Convenience is king in minivans, and here the Odyssey delivers abundantly. The Odyssey Elite we tested boasts a broad range of convenience items, everything from pushbutton start and an onboard vacuum to a tilt/telescope steering wheel and a premium Display Audio system featuring navigation, voice recognition and a multiview rear camera. If that’s not enough, it also has power sliding doors, a power rear hatch and power front seats, together with a power moonroof, a capless fuel filler and sun shades for the second and third rows.

In connectivity and entertainment, the Odyssey also delivers. A Blu-ray/DVD player is available, as is Sirius/XM satellite radio, wireless smartphone charging, and Apple CarPlay/Android Audio integration. Also, if you pay a monthly fee for a built-in cellular data connection, you can turn your Odyssey into a rolling Wi-Fi hotspot and stream video content to the 10.2-inch rear-seat entertainment system. Heck, you can even plug in your Xbox or AppleTV via the Odyssey’s HDMI input and wall-type power outlet. Of note, a Cabin Control app allows rear passengers to control the front audio system, the rear entertainment, and even the rear climate control via their smartphone. (You might not want to tell your kids about this...) The infotainment interface, by the way, is like that of your smartphone, with tap, swipe, pinch and zoom functionality.

The Driving Experience

Another Odyssey strong point: The 3.5-liter V6 engine, paired with a slick-shifting 10-speed automatic transmission, is a model of civility. It’s well isolated from the cabin, yet it pulls this van up to highway speeds with authority, returning about 20 mpg in mixed daily use. Driving the Odyssey is a smooth overall experience, aided by comfortable seats (at all positions) and accurate steering that has just the right amount of electric assist. Moreover, the ride quality is excellent, thanks to a supple suspension that artfully manages to soak up bumps and potholes without making this 8-seat van feel even the slightest bit wallowy. On curvy mountain roads, this front-wheel-drive Honda minivan belies its large size and continually reminds us of why we once called the Odyssey “the best-driving minivan we’ve ever driven.”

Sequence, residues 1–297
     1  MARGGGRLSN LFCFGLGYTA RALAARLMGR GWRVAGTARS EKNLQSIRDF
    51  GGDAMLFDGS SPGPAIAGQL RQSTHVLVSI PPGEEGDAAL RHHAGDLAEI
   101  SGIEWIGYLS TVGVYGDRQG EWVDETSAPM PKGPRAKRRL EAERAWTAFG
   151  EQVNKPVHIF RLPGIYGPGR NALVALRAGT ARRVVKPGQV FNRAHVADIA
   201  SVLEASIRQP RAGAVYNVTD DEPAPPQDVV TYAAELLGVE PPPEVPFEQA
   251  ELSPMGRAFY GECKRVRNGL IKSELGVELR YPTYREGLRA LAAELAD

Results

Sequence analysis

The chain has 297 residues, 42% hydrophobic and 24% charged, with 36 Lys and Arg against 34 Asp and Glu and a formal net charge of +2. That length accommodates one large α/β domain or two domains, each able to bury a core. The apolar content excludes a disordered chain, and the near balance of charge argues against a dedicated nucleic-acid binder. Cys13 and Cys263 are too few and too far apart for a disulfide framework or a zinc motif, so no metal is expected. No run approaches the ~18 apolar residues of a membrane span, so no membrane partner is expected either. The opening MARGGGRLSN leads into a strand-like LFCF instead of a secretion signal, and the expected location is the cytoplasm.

5-Year Cost to Own

Smart shoppers include our KBB 5-Year Cost to Own data in their research. Too often, consumers opting for the “great deal” on a car will end up paying more than if they’d paid a little extra up front for a more desirable model. While our Cost to Own figures take into account expenses such as fuel, insurance and maintenance/repair costs, the resale value component typically contributes to the biggest differences in total ownership cost. It’s the main reason a great $30,000 car can cost less in the long run than a good $25,000 car.

Used Honda Odysseys typically sell for more than a comparably equipped Chrysler Pacifica (or older Town & Country). Although we expect the much-improved new Pacifica to begin closing that gap, several factors will continue to fall heavily in Honda’s favor.

With its lower total ownership cost, its exemplary build quality and its abundant safety and convenience features, the comfortable but fun-to-drive Honda Odyssey is back in a familiar place -- earning itself another KBB Minivan Best Buy Award.

More 2019 Honda Odyssey

Build and price your own 2019 Honda Odyssey to see this week’s Fair Purchase Price, 5-Year Cost to Own and more, or check out the Odysseys for sale today at dealers near you.